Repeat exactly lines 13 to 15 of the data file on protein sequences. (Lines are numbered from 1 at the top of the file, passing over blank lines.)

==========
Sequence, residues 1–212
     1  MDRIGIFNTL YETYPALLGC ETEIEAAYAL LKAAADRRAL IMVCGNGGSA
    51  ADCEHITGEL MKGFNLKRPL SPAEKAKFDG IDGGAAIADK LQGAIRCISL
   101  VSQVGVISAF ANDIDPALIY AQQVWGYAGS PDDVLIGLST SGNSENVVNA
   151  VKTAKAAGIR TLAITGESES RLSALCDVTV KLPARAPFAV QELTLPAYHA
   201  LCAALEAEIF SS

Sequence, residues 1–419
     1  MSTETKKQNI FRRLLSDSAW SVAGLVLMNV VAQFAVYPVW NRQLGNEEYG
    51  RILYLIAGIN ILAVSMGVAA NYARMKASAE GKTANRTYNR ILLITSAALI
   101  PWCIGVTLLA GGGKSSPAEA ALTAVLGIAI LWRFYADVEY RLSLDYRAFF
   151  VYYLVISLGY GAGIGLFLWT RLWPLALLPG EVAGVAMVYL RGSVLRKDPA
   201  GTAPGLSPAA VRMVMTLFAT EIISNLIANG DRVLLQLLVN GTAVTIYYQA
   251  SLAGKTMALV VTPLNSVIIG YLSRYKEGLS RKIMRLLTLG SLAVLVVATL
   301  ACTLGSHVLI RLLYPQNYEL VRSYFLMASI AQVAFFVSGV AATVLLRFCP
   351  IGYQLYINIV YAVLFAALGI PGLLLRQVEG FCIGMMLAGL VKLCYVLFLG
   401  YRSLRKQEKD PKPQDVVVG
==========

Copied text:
   251  SLAGKTMALV VTPLNSVIIG YLSRYKEGLS RKIMRLLTLG SLAVLVVATL
   301  ACTLGSHVLI RLLYPQNYEL VRSYFLMASI AQVAFFVSGV AATVLLRFCP
   351  IGYQLYINIV YAVLFAALGI PGLLLRQVEG FCIGMMLAGL VKLCYVLFLG